Calling all free-range Jews

It’s official: Judaism isn’t a religion. Or, it isn’t only a religion.  That’s the argument of some leading Jewish educators, … Continued

It’s official: Judaism isn’t a religion. Or, it isn’t only a religion. 

That’s the argument of some leading Jewish educators, who say American Jews need to look hard at their beliefs and practices and embrace their reality. Which is that Jews strongly identify as Jewish, but that identity is in many ways a non-religious one.

Getting Jews to take seriously this non-religious religious thing is the new goal of groups like the Partnership for Jewish Life and Learning, which on Sunday will put on the Washington area’s largest annual Jewish educational event. As many as 800 people are expected to come for a whirlwind of classes on Jewish life, including those on comedy, cooking, the environment, Israeli politics and medical ethics, among dozens of others. (Full disclosure: I’m presenting one of the classes, on religion and journalism). 

Sure, lots of people think of Judaism and already think non-religion — “Seinfeld,” lox and bagels, you know the deal. But Partnership CEO James Hyman says Americans “trivialize” non-religious aspects of religion. We talk about it, but we don’t take it seriously. 

The argument of Jewish leaders like Hyman is that non-religious aspects of religion are important and deep. Things like Jewish drumming or Jewish genetics can help people form strong connections to one another and offer important avenues into Jewish values.

 A program like this reflects the Jewish community’s knowledge that many American Jews are slipping from its organized aspects. Jews are likely to hold tightly to their identity as members of the Jewish community, but when compared with almost every other faith group, they rank near the bottom on most measures of religiousness: belief in God, importance of religion in one’s life, attendance of religious services, frequency of prayer.

But there is a new generation of Jewish leaders such as Hyman who are working to embrace the people they call “free-range Jews.” Such people, they say, don’t want to join anything or commit to specific beliefs, but they very much want to be Jewish and explore what that means.

“We have a very broad definition of what it means to be Jewish,” Hyman said.

I’m looking forward to meeting some of these free-range Jews on Sunday and will report back!

 

 

  • xexon

    Judaism is a religion. With an extensive outgrowth of cultural structure. You’re really no different than Catholics in that respect.

    What makes you different is your belief in genetics. That you are somehow apart. That’s dangerous thinking. In that respect, you’re no different than your recent foe, the nazis.

    Secular Jews are not going away any time soon. In fact, they may eventually displace religious Jews altogether. They founded modern Israel. They’re behind the atheistic zionist movement that founded modern Israel. They’re behind the religious “settler” Jews that have been turned into ravenous dogs that attack all thing non Jewish.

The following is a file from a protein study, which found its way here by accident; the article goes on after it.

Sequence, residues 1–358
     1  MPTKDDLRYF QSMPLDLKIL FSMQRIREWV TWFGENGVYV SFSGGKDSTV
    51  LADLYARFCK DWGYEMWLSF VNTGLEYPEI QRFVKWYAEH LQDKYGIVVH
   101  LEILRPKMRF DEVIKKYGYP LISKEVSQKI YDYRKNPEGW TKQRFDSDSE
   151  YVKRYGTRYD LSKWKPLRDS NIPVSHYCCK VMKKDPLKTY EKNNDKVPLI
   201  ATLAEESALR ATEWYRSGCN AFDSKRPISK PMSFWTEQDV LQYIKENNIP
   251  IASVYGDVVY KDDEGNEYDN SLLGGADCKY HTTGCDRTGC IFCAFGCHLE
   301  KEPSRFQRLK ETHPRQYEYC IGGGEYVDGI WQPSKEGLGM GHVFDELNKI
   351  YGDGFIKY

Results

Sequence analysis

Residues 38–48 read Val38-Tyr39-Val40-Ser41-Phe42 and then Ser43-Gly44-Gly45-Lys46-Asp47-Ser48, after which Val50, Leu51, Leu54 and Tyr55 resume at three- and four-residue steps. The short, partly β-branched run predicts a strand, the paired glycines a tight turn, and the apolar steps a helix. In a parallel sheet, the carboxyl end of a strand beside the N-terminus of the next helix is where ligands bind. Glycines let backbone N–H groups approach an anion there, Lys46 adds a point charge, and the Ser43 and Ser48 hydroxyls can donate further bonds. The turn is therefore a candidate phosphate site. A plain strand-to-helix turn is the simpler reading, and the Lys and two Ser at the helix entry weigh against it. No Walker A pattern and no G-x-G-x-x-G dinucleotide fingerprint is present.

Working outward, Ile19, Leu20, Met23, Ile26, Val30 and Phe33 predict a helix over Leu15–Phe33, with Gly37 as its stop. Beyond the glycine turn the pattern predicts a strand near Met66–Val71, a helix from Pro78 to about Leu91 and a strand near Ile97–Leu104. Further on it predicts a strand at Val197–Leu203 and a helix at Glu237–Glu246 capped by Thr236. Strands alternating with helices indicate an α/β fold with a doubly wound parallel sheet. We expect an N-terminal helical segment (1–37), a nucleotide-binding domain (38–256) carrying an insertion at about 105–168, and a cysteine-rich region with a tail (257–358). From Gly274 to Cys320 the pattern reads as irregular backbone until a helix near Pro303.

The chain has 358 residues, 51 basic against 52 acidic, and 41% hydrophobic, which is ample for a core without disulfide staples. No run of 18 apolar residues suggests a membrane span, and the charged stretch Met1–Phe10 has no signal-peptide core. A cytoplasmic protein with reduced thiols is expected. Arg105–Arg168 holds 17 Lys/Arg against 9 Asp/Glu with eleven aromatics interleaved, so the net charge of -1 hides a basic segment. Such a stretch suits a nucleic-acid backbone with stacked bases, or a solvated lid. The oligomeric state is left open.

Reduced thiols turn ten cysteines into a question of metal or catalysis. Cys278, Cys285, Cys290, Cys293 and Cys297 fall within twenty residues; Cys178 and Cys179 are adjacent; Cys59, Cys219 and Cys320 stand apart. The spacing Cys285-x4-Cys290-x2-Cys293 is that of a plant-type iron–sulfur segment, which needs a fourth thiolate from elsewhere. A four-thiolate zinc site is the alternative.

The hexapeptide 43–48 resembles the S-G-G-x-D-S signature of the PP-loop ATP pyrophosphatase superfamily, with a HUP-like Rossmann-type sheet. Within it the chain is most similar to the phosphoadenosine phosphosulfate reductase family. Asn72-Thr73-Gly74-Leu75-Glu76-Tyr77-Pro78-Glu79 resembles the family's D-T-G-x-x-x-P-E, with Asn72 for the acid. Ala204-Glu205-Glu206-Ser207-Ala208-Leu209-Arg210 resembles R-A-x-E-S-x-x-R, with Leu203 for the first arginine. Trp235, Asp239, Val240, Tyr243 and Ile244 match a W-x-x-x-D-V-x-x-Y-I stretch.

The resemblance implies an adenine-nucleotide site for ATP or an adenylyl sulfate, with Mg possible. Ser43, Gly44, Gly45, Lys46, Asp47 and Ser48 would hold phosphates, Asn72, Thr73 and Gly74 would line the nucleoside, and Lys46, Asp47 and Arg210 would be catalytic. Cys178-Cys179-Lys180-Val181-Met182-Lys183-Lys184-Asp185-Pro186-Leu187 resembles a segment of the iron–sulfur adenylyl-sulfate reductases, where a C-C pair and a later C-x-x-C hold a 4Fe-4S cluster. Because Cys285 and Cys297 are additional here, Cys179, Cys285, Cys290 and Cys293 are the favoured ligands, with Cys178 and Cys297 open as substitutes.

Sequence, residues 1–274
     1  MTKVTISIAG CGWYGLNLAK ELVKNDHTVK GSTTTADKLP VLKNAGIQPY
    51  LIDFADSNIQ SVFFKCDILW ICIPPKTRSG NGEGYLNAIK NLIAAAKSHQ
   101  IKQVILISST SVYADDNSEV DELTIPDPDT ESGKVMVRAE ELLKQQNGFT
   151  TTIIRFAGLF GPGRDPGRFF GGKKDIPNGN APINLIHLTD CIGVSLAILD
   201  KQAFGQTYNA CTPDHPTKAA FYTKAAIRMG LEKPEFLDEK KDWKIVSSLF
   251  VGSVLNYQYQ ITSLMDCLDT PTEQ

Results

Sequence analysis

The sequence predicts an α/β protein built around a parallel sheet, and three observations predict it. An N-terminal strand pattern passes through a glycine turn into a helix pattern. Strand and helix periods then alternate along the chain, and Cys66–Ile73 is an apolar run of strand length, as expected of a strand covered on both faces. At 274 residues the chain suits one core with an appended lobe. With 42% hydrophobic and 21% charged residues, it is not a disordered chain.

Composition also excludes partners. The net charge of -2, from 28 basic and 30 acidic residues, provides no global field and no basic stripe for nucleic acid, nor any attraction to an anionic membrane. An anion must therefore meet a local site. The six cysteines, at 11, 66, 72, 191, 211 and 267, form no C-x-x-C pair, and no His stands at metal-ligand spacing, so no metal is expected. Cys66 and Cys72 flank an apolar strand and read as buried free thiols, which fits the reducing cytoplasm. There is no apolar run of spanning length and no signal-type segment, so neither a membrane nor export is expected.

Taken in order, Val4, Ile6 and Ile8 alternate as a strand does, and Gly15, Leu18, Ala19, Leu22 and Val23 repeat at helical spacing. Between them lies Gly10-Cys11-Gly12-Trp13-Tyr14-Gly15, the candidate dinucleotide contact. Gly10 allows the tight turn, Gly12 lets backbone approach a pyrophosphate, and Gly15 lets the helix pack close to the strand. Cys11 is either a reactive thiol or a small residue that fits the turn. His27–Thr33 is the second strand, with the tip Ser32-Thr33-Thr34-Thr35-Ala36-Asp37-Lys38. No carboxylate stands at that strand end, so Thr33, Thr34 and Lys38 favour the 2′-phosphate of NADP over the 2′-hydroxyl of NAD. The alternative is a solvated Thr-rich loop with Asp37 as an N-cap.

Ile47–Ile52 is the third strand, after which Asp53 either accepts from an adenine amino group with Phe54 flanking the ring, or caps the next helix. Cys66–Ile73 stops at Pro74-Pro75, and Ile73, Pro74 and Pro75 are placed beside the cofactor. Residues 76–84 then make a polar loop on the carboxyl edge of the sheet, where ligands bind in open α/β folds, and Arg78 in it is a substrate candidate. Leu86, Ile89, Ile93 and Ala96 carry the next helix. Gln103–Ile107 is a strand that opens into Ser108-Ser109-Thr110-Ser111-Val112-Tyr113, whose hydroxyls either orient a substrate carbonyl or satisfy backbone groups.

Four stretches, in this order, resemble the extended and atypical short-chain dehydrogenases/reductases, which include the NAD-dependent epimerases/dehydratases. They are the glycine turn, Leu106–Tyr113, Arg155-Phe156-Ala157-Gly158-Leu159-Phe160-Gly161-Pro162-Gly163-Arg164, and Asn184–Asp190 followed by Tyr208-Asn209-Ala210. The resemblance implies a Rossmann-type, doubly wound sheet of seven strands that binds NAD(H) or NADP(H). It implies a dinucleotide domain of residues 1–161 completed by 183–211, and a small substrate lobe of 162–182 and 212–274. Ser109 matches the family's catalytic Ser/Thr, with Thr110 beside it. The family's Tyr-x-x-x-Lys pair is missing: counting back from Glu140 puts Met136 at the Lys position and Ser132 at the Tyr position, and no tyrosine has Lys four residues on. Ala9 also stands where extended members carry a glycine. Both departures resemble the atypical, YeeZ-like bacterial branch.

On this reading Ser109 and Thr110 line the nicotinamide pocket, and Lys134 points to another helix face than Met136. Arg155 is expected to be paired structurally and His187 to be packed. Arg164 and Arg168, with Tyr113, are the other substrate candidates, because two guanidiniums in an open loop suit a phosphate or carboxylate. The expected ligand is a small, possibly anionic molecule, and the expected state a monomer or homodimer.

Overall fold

It’s a mess. Secular nationalism run amuck. When they took out the core beliefs of the God of Israel, a monster was created. A nation was formed. It’s been bathed in blood from day one.

    Not a good sign for the future of Judaism. Or the world.

    x

  • Paul Martin Foreign Correspondent

    Many, many jews have intermarried, mny more young jews have lost interest in judiasm and jewish history partly because they see the hypocrisy in today’s well healed rabbis and wealthy jewish business people prehaps even their own families.
    The biggest myth of all is that teh World is under the false impression that jews are a stick together race, religion, whatever……it just isn’t true ! Put aside all the zionist hype,holocaust memorial places, museums, synagogues, jewish federations, community centers, Israel the so called jewish state,etc,etc,etc. There is NO universal bond or unanimous fraternity or sisterhood that binds ALL jews everywhere together, never has been, never will be because jews are NO different to anyone else hen it comes to graft, greed, corruption, domestic disputes or any other human traits. The biggest problem is the well organized groups of jews Worldwide who believe they represent the feelings, opinions and wishes of ALL jews…….they do NOT and there dwells the biggest myth of ALL !

  • VanZandt9

    Interesting idea but I can’t say I like it. The way forward is not in turning Jewishness into a cultural club. Reform Judaism already does this to an uncomfortable extent (in my experience), which is one reason so many young people leave. Being part of a sub-culture is not strong enough and people naturally rebel against that.

    It’s a shame when Jews who stopped being Jews have to find out in adulthood that their religion has all these interesting spiritual insights they never heard about.

  • macnietspingal1